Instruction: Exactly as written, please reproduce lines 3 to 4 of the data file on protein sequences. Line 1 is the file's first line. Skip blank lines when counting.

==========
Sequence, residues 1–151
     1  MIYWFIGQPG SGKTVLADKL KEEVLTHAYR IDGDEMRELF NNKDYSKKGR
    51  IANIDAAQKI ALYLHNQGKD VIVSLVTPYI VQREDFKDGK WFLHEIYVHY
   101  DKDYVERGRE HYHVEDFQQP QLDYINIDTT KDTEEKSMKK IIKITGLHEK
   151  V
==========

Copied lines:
    51  IANIDAAQKI ALYLHNQGKD VIVSLVTPYI VQREDFKDGK WFLHEIYVHY
   101  DKDYVERGRE HYHVEDFQQP QLDYINIDTT KDTEEKSMKK IIKITGLHEK